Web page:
'Hawaizaada' Review: Ornate visual fest but soulless!
Friday 30 January 2015
Ayushmann Khurrana, Pallavi Sharda, Mithun Chakraborty
The film's intent is laudable, and so is the story. 'Hawaizaada' transports us back to pre-independence 19th century India, and tells us the story of a boy, considered good for nothing, who goes on to make the world?s first functional airplane. Of course we know that history has credited the Wright Brothers with the feat (the film claims the Brothers constructed their airplane 8 years after India's triumph). So a film that exposes/challenges this accepted belief has the potential for an exhilarating, intelligent and deeply emotional film, never mind the lack of any proof.
But that's not what you get, sadly. Most of the film trails the dull romance between Shivi (Ayushmann Khurrana) and a local dancer Sitara (Pallavi Sharda) who addresses herself in the third person. By the way, you should know how they met. She's acting in a play; he falls for her at first sight. He goes onstage in place of an absent actor. There?s chaos as his costume rips and he's down to his shorty shorts. He then professes love for the girl right there, and she, her play ruined and all, is unruffled, in fact amused.
Like the above-mentioned scene, the attempts at humour in the film are lame, even as the background score, which doesn?t stop for even a breath, eggs us on to laugh.
A word about the production design and art direction? it's ambitious and enthusiastic, but it's just too much! There are the obvious period nods like someone reading 'The Statesman' and going for a film to 'Capitol Cinema'. But then comes the surfeit. So you have candles, candles, candles and more candles! They're everywhere ? whether it's a bedroom, a laboratory, or a street corner; whether it's a romantic scene or an emotional one. And we are to understand that pre-independence India, including court-rooms, was painted only in the colours of teal and distressed blue-greens. Heck, even the sky is severely colour-corrected.
The art direction is so overwhelming, the actors pale in comparison. So you end up admiring that beautiful statue in the foreground, the gorgeous furniture, the incredible colour on the walls, rather than focusing on the romance that grates on your nerves. Plus the actors are at another disadvantage, as they have to make themselves heard above the relentless and peculiar background score.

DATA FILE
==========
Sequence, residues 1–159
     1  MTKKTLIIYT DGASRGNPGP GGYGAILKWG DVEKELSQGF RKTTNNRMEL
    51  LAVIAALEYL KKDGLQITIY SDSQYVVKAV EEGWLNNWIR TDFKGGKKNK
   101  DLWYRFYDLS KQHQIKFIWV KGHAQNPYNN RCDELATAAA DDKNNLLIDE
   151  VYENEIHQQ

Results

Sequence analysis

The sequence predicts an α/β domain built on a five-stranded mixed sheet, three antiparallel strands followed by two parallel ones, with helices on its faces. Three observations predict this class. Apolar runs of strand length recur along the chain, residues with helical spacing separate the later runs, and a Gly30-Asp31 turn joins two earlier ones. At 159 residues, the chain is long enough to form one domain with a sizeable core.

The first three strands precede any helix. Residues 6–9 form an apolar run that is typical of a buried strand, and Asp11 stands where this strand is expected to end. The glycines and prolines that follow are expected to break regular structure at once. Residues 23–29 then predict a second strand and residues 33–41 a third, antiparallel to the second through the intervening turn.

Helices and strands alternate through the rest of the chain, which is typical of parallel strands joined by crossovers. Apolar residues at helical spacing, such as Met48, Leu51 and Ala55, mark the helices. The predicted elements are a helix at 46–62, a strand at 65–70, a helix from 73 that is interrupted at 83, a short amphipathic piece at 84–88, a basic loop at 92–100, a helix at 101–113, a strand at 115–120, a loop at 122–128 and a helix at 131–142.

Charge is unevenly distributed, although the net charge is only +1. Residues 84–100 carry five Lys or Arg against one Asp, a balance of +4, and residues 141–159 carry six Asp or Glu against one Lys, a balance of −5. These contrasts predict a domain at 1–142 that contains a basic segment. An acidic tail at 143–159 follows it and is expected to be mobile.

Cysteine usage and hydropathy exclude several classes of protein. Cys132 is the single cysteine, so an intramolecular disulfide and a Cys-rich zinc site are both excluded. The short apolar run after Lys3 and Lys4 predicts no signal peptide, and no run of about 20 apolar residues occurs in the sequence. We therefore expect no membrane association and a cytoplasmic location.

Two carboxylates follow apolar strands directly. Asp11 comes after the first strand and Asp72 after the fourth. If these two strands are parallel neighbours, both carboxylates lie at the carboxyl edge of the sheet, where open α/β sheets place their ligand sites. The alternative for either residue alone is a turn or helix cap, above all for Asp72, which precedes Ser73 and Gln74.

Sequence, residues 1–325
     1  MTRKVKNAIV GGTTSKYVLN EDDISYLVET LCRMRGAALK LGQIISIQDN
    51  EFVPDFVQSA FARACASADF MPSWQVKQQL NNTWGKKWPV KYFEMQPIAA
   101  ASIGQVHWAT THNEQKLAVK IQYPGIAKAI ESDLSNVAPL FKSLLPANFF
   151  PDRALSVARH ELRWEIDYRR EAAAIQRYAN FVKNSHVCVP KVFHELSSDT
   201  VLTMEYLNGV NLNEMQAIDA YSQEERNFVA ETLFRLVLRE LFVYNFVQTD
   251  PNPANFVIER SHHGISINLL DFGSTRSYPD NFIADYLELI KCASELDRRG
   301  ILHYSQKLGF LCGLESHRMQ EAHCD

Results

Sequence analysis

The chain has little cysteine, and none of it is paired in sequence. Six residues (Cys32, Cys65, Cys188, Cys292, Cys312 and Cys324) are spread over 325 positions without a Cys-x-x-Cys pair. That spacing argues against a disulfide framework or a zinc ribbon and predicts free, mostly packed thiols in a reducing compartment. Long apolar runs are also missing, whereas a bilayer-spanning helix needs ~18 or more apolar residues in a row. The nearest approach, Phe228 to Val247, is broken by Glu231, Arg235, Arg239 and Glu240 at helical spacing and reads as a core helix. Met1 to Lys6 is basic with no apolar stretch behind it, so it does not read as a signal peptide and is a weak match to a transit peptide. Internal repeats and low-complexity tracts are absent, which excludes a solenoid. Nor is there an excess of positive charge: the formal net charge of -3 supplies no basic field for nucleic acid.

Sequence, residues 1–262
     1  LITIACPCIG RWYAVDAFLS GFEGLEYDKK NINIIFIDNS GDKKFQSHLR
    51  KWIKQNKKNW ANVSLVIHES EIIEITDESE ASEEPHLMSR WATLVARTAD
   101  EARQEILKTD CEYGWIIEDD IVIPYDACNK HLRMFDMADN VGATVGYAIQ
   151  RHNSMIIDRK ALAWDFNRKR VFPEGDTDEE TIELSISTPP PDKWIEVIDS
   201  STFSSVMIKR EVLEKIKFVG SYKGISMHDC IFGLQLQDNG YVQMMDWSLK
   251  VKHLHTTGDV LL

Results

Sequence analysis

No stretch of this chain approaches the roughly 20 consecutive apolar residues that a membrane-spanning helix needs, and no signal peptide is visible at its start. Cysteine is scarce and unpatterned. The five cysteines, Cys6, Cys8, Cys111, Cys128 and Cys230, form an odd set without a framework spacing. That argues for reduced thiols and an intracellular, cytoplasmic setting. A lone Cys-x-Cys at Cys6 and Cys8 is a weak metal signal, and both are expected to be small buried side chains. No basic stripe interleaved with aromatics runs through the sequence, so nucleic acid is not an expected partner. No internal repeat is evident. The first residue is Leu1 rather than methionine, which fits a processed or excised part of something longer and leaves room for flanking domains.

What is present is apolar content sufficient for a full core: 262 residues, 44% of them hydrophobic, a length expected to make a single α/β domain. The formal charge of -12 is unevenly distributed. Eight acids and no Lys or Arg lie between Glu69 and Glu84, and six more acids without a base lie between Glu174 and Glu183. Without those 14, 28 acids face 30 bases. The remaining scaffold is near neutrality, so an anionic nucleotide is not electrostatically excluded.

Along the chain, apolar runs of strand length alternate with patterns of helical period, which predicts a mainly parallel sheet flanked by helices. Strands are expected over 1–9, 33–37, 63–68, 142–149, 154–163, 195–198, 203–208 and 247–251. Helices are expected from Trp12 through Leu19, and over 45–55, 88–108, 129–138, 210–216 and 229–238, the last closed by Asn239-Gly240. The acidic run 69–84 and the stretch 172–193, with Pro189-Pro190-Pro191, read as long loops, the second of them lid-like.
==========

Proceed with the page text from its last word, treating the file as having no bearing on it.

Ayushmann Khurrana is earnest, but there is little soul in the performance. Of course the characterization itself is shaky, and the dialogue often bizarre. Ditto Sitara's character. She's a fiery performer one time, and in the second half (having quit her "disrespectful" job) turns into a damsel in distress, who upon being rescued by our hero, settles for ironing his clothes with a charming kettle-pot iron, sewing, and being the supportive love interest. She still continues to address herself in third person though. Pallavi Sharda comes up with a serviceable performance, considering the role is essentially decorative.
The other characters include the British officers (portrayed as bumbling caricatures) who miraculously reach whenever and wherever the airplane is being discussed.
The only interesting portions are when Shivi and his mentor (Mithun Chakraborty) go about making the "vichitra yantra" and naming it 'hawaijahaz'. The making of the plane is given a strong patriotic flavour, considering that the British are opposing it. And the scenes showcasing the process are fascinating (even if glossed over). The moments where the machine first takes flight are beautiful and you are moved as the film?s ending tells us how the credit of inventing the airplane was unjustly given to someone else. Again, one doesn't know how authentic the film's claim is.
Debut director Vibhu Virender Puri was probably attempting? as one can see from the visual splendor, shots of magic realism, and wry humour? to make a Wes Anderson-meets-Sanjay Leela Bhansali style epic. But barring the film's story and a few immersing scenes, all you have is characters you don't emotionally invest in, bizarre dialogue, and a lifeless romance. That's unfortunate indeed, as this story was rich with possibilities.
Rating: Two and a half stars